Head on a Swivel

The other day a co-worker (a non-runner) came in my classroom and said, “I’ve got a question for you, Runner Girl.” I thought he was going to ask how to start a running program, or maybe ask about an injury. I didn’t expect him to say, “Look. Yesterday I was stopped at a stop sign, about to turn, and  this runner just showed up in front of me, OUT OF NOWHERE. I almost hit him. What do I do in a situation like this?” He was clearly shaken up about the situation, but surprisingly didn’t rip on the runner. He actually just wanted a runner to advise him on how to deal with “all of those runners on the road.”

I paused before answering him, not really sure whose side I was on at the moment.  On one hand, I wanted to be a voice for “my people” and offer practical advice about drivers dealing with runners. I wanted to even stand up for runners everywhere and their rights to enjoy a run without getting nailed while crossing the street.  Finally, I had “one of them” right in front of me- all of those years of frustration about “those drivers” could soon be remedied! God knows I had plenty of close calls of “idiot drivers” not paying attention to lowly runners like myself.   Yet, I realized that those close calls were not always the driver’s fault.  I had to admit that sometimes the close calls were brought on by  me thinking that because I was a runner… I could simply run without stopping at corners.   I had been running around (literally) thinking that my being a runner trumped exercising common sense and safety at all times.

Now, before my family members reading this start plotting their Runnerchica intervention, I must say the majority of the time, I did and do look both ways and obey pedestrian laws. But, talking to my friend that day, I realized that I, and others like me, were indeed guilty of being just like the bat out of hell my friend came to talk to me about.

So, my answer to my friend went something like this.  “Look, I have to tell you, I know exactly what you mean.  We runners, can be idiots. Sometimes we do blow in out of nowhere, and I know we probably freak you out.  Heck, other runners do it to me when I’m driving. I get what you’re saying.”

Yet, being a runner, I couldn’t give it all up. I had to share something I have noticed many times while running.

I continued.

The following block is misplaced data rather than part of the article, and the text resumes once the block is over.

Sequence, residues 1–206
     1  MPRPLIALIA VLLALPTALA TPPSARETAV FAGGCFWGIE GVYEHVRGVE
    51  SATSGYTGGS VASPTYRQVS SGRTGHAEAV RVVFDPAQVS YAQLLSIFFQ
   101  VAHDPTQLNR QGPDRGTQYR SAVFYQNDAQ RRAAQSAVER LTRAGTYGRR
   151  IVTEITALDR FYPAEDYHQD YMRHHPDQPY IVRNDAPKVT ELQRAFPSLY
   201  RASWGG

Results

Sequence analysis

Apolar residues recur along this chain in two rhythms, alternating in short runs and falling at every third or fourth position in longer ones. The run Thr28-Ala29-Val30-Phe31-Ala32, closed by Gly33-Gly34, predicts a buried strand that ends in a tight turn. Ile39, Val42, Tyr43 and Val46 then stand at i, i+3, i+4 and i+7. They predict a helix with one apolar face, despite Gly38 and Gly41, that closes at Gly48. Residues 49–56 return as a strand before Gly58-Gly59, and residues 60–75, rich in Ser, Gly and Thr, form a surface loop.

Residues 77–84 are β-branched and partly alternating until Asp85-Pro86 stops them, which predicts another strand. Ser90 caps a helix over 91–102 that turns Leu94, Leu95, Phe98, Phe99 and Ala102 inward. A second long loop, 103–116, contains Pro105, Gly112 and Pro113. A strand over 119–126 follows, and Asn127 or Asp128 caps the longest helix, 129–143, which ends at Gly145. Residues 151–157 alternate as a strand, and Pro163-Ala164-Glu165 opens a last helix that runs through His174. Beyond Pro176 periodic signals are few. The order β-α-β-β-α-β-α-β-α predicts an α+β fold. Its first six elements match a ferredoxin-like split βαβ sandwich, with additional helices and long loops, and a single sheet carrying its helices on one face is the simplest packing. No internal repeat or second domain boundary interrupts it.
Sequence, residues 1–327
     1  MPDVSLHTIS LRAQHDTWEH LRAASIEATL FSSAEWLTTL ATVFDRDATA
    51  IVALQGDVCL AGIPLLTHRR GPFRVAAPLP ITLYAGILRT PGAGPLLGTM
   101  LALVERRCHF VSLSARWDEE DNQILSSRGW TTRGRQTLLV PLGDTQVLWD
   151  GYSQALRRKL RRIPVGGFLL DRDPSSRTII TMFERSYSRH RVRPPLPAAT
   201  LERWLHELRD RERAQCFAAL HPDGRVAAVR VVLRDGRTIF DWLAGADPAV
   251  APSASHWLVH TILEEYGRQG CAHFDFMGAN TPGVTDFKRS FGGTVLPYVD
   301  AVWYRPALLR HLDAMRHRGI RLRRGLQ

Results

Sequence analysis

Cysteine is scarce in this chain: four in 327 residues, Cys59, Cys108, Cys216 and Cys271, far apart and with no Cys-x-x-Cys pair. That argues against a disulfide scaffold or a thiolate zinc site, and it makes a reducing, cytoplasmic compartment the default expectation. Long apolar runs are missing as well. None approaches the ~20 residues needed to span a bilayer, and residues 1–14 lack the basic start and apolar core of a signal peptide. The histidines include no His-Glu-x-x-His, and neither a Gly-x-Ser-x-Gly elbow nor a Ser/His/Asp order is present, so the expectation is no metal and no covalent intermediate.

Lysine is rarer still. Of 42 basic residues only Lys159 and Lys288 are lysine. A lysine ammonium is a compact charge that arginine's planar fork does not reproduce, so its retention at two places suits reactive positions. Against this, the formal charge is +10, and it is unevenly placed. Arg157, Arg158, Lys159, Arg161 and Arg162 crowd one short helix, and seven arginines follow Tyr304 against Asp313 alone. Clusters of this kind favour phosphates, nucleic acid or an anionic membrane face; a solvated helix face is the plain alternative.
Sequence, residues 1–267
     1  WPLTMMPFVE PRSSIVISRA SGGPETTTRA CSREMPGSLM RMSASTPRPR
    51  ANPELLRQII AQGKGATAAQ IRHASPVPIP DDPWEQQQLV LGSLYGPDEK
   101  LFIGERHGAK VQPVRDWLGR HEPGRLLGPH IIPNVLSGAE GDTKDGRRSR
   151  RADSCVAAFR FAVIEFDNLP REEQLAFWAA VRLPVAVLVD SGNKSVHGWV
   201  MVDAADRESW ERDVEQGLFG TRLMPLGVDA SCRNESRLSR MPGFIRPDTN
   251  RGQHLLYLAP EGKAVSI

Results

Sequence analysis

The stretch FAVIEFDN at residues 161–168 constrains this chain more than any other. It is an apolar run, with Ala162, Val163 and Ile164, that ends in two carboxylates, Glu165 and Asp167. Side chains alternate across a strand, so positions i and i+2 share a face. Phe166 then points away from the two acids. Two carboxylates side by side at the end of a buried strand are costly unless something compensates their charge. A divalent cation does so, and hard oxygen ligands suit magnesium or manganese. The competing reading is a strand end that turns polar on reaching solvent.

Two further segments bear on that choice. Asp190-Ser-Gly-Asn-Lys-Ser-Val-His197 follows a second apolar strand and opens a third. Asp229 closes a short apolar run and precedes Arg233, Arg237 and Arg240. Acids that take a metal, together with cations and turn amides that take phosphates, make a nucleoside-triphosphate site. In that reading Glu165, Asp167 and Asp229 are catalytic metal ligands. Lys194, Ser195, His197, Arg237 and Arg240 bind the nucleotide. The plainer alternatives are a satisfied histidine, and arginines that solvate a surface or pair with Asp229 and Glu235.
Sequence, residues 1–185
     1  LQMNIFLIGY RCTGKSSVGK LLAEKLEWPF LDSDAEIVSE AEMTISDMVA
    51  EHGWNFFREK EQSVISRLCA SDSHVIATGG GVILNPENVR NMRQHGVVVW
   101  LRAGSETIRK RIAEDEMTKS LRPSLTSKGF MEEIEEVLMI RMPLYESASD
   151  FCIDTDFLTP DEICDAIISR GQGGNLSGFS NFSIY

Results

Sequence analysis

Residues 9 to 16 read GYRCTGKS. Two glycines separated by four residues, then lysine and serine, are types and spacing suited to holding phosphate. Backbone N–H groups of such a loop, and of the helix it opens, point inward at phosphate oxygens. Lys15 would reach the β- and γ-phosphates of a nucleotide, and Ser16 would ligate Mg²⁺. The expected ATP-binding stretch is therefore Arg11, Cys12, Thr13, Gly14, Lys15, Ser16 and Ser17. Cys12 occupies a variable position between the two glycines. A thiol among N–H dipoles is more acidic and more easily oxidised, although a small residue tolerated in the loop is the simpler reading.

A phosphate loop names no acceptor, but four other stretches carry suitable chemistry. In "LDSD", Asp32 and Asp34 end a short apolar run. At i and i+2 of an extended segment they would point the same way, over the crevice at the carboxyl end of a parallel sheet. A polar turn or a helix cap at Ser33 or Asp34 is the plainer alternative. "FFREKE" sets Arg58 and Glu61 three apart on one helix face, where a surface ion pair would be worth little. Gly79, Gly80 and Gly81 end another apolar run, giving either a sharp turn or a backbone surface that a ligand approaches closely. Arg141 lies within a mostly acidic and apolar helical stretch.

“The one scenario that stands out in my mind involves drivers turning right. They’re stopped at a stop sign, and they look left- naturally to see if anything is coming, and if they can proceed to the right.  The problem happens when the driver feels it’s all clear left, and then doesn’t look right, to the sidewalk and its pedestrian traffic.  This is where runners can come out of nowhere and then get hit when proceeding.”

This is true, it happens.  Out of nowhere, runners approach cars that look like they are “playing nicely” waiting for the all clear.  Yet, unbeknownst to the runner, the driver isn’t even considering the direction the runner is coming from.  They are only focused in one direction, not considering the whole picture.

I finished my runner discussion by borrowing a phrase from an old friend.  “What you gotta do… is keep your head on a swivel. Always watch out for the other guy.”

As I thought about that conversation later in the day and week, I realized that keeping our heads on a swivel is a good idea on the road, and pretty much everywhere in life.  It’s not the runners vs. the drivers, or vice versa. We share the roads… the planet for that matter… with a lot of people.

And if we’re only looking in one direction, we’re bound to miss the things we really need to see.

So, keep moving forward, friends… but don’t ever forget to look both ways before crossing the street.


by abbey algiers

Copyright 2010

READ “Head on a Swivel” again… on the Runner’s World Website!


One thought on “Head on a Swivel

  1. I love this post. Thanks. I have experienced this both as a walker and a driver. As a walker, I always assume the driver does not see me. I try to catch their attention before crossing the street in front of them. Or wait. Thanks, RunnerChica!


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